Click image to enlarge

Click image to zoom

To turn off the default Widow/Orphan Control, follow the steps outlined in the image. It’s pretty simple, but one thing you may have to do is highlight all your text before you uncheck the box–at least, I had to do that before it worked on my pages. Good luck.

Some of the possible problems caused by widow/orphan control.

  • Can leave large empty spaces at the end of the page
  • Can look like a chapter is ending when it’s not
  • Makes it difficult for someone to estimate the length of a manuscript based on number of lines per page and number of words per line (an old method, but still used by some)
  • Can mess up formatting from one program to another

Hope this helps. Keep writing!

31 May

How to Highlight All Dialogue in Manuscript

At the recent Storymakers writers conference, I attended a workshop led by Margie Lawson. Not only did I enjoy her class, but I think I learned a thing or two, so I went to her site and purchased a few lecture packets.

She uses a highlighting scheme in her EDITS system and one of the exercises is to highlight all the dialogue in your manuscript in blue and then read it aloud–but just the dialogue (a good exercise for any writer). I wanted to get right to reading the dialogue and have the machine do the highlighting so I started searching ways to highlight only what comes between quotation marks. Guess what. It ain’t easy, people.

Anyway, I finally figured out how to do it quickly and easily so I’ma sharin’ it with you. Open your manuscript in MS Word and perform a Find and Replace (Ctrl + H) with the following parameters. That’s it. Have fun.

*click on image to enlarge*

Let me know if you have questions.

08 Feb

Better Writing With Less Revision — Five Minutes to Re-train Your Brain

You know how to write in deep point of view (POV). You’ve read Jill’s book. You’ve read Chuck’s post. You’ve even made a list of “no no” words that rip readers from your character’s mind. That list gets major use–during revision.

If you’re like me, you wish you would have written it right the first time, but when you’re in that writing trance, your fingers carelessly spew words without consulting your rather accomplished brain.

Well, you could hire a writing coach to nudge you in the back with a pitchfork each time you mess up. Or, you could train Scrivener to highlight those “no no” words as you type so you can make corrections on the fly, thus re-training your brain to do it right from the beginning. Let me show you what I mean.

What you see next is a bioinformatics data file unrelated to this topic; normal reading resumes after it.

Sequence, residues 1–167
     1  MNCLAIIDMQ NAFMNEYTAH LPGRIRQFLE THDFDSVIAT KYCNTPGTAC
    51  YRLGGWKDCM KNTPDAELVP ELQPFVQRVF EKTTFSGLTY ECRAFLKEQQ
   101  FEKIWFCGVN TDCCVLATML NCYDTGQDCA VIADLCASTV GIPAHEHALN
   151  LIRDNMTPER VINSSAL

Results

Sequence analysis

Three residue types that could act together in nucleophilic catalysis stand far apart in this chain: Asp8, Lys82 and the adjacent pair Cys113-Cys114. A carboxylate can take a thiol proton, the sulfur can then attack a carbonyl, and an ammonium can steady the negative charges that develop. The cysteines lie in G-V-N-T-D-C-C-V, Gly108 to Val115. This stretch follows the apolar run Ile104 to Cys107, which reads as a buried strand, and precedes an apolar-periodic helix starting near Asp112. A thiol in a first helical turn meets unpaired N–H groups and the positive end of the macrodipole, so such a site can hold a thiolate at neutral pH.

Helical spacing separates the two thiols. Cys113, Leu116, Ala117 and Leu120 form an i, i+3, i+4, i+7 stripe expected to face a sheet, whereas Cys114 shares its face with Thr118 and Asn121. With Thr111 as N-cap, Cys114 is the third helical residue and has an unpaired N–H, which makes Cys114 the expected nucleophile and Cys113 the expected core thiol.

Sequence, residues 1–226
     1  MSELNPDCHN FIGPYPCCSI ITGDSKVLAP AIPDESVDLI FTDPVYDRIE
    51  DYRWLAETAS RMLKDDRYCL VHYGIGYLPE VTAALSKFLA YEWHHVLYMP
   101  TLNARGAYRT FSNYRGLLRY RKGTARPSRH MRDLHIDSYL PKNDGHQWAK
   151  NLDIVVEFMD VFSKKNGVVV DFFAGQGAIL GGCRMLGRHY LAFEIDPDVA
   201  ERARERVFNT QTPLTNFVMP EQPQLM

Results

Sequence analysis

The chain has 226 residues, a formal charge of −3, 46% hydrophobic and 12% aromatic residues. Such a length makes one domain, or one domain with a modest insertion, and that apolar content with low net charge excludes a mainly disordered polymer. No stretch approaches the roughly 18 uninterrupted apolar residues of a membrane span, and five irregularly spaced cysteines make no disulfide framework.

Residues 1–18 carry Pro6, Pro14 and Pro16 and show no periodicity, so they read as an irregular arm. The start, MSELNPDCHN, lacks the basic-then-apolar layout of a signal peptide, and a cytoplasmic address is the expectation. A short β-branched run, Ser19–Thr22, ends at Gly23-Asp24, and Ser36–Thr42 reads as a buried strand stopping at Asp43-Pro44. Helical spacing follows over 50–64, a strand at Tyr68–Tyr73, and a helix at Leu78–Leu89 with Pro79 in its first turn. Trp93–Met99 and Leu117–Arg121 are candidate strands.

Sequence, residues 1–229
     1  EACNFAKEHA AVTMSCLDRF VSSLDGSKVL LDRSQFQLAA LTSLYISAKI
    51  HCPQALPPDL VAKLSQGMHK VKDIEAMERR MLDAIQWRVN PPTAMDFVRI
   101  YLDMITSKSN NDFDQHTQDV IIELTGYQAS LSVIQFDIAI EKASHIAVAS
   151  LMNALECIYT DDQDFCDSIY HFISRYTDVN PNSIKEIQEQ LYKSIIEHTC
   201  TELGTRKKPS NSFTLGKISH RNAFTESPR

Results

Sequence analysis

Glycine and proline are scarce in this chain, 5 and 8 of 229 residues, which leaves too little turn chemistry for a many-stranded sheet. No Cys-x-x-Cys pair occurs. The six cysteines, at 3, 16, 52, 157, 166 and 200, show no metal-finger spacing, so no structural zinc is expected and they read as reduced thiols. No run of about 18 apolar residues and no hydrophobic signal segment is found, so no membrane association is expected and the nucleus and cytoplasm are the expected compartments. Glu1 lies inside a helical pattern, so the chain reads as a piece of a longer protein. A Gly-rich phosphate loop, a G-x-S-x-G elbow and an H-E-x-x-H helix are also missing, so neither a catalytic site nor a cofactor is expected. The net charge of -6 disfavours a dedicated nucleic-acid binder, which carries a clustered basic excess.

Here you’ll see text in Scrivener with several of my “no no” words mixed in. This is how it looks normally. Can you pick out the bad POV words? Click to enlarge if you desire.

Here’s the same page, with those POV problem words automatically highlighted.

Cool, right? Here are the instructions to set it up, which I got from the great folks over at Literatureandlatte:

  1. Click into the search tool in the toolbar (or use `Ctrl-G, Ctrl-S`) and paste in a space-separated list of watch words. For example: “very just saw”.
  2. Click on the magnifying glass icon in the search tool, and set the **Operator** to “Any word”.
  3. Optionally: **Search In** to “Text” (if you don’t want to scour notes and other casual writing areas), as well as “Search Draft Only” in **Options** (to focus purely on the WIP).
  4. Finally, in this same icon menu at the bottom, save your search as a collection, and give it a name. Now, whenever you want to do some scrutinizing, you can click on that tab and then work through the documents you’ve been writing in recently, checking for highlighted phrases. Note that as you delete or change the words, the highlight goes away but the others remain.
  5. You’ll probably want to edit this list as time goes by. You may note that when you click on that collection tab, your search options are reloaded automatically into the toolbar. That makes it easy to copy and paste the word list out of the toolbar, modify it, paste it back in and then save it as a tab (you can’t update an existing search tab, but we might add that capability in the future, so just make a new one and delete the old one).

Of course, it works with any list of words, not just POV problem words. Maybe you’ve got a problem with “was” or “very” or “ly” words. Just put those in your list and viola, you’re notified every time you’re about to use them.

No, it’s not as pretty as using a macro in MS Word, which can highlight each problem word in a different color as shown below, but it does something Word can’t by highlighting the words as you type them. With Word, you have to run the macro after the fact. Great for editing, not for re-training your fingers to do it better.

Highlights in MS WordIf you don’t have Scrivener, get it. If you have Scrivener, but still want to do this in Word, learn how to use macros. I started by visiting the fantastic site of Jordan McCollum, which is where you should begin too. Once you’re ready, you can get the code I used from the following text file.